Look at Corot’s Avignon from the West and see the clouds and their shadows create the sense of gentle wind. The painting is a direct depiction of nature and human habitation in harmony. The viewer can almost feel the sun and smell the vegetation.
Think about how the softened foreground and atmospheric background, with the pale faraway hills, create a ‘sandwich’ effect. The centre of the painting glows, capturing our attention with the sandy highlights and building details.
Look at the ‘building blocks’ in this landscape. Cézanne seems to be analysing the structures of the rocks rather than focusing on the surface of the hillside.
Think about how this approach varies from the picturesque landscapes from earlier periods.
Look at Renoir’s painting and the sort of brushstrokes he used to capture the scene.
Think about artists roaming the popular haunts of big cities such as Paris in the late 19th century, and how exciting it would have been to try to quickly capture the bustling urban life.
Look at this image by Degas of a ballet rehearsal. Degas did many paintings and sketches of this subject matter. Why do you think Degas was interested in the training rather than the final performance?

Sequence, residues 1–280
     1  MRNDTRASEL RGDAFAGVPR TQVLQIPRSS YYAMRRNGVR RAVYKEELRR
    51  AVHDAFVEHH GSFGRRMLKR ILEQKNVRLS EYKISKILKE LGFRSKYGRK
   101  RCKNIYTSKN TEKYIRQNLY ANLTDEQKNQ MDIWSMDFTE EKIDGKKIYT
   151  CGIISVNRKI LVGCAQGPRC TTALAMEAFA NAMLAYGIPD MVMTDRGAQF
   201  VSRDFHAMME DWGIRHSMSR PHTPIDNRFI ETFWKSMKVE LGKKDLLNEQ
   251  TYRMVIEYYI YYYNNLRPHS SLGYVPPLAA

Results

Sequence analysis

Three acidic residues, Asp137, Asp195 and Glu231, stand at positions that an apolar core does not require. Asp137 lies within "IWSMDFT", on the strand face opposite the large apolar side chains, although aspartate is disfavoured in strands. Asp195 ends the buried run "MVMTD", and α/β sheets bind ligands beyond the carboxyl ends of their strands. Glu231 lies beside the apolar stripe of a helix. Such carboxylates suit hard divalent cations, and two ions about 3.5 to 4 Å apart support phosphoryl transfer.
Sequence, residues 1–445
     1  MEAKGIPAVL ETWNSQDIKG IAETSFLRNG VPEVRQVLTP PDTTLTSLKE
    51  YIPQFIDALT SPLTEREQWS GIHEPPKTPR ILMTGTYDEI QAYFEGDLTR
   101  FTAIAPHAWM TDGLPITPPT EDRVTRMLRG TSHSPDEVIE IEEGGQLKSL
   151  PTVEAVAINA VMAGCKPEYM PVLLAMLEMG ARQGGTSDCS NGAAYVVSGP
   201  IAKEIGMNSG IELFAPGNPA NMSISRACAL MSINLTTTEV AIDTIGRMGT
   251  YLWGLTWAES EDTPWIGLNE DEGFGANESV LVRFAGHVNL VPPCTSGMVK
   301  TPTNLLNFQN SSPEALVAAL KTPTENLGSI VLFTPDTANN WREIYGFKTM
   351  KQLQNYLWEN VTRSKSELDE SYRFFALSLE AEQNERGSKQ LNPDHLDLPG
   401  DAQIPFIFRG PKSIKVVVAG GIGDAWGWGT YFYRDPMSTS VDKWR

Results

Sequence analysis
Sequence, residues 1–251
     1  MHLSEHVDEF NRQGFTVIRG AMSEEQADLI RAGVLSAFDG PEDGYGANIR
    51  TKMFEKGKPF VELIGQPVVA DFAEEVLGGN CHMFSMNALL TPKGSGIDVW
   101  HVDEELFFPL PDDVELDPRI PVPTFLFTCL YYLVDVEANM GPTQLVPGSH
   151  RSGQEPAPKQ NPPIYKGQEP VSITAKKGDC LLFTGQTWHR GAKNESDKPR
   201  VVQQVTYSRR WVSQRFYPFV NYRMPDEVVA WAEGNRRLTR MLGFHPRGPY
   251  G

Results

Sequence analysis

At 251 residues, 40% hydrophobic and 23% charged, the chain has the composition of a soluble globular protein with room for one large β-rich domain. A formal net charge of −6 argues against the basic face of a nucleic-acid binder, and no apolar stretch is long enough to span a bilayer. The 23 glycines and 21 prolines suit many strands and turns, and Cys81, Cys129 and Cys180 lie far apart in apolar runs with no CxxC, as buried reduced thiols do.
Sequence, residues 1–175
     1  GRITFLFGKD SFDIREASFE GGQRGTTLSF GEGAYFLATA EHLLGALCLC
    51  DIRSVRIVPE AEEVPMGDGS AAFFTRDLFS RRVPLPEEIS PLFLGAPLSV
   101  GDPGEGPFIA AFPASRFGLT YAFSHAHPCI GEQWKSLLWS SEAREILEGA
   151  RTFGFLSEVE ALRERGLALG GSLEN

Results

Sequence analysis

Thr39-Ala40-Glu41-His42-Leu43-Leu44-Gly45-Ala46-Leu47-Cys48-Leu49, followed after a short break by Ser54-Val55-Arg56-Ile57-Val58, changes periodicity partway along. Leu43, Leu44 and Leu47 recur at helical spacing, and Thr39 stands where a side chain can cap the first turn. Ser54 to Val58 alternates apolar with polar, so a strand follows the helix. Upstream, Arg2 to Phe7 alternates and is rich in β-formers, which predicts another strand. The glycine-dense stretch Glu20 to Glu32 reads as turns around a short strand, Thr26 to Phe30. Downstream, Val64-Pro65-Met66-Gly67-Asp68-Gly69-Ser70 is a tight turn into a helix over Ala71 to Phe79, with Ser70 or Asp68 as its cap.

Think about how Degas has used paint to create a sense of movement in this oil sketch of ballet dancers. See how the canvas support has not been covered by the paint and shows through in many places. Artists developed a new style of painting to capture the increasing speed of modern life.
Look at the vibrant colours in Gauguin’s flower painting. Can you identify the main colours? Can you find any black paint?
Think about how the colours are used and how a cool colour often is placed adjacent to a warm colour.
Look at Van Gogh’s painting of sunflowers and notice how the various flowers depicted are in different stages of the plant’s lifecycle.
Think about the effects of colour in this painting with the different shades of yellow and the tonal contrasts of the green and blue. Van Gogh painted this to decorate the guest room for his friend and fellow artist Paul Gauguin to stay in.
Look at Monet’s painting of a Japanese bridge in the garden he built in France. Can you decide what Monet is primarily interested in? Is it the scene in front of him or light and colour?
Think about what sort of brushstrokes Monet used to create the image. What words would you use to describe those brushstrokes?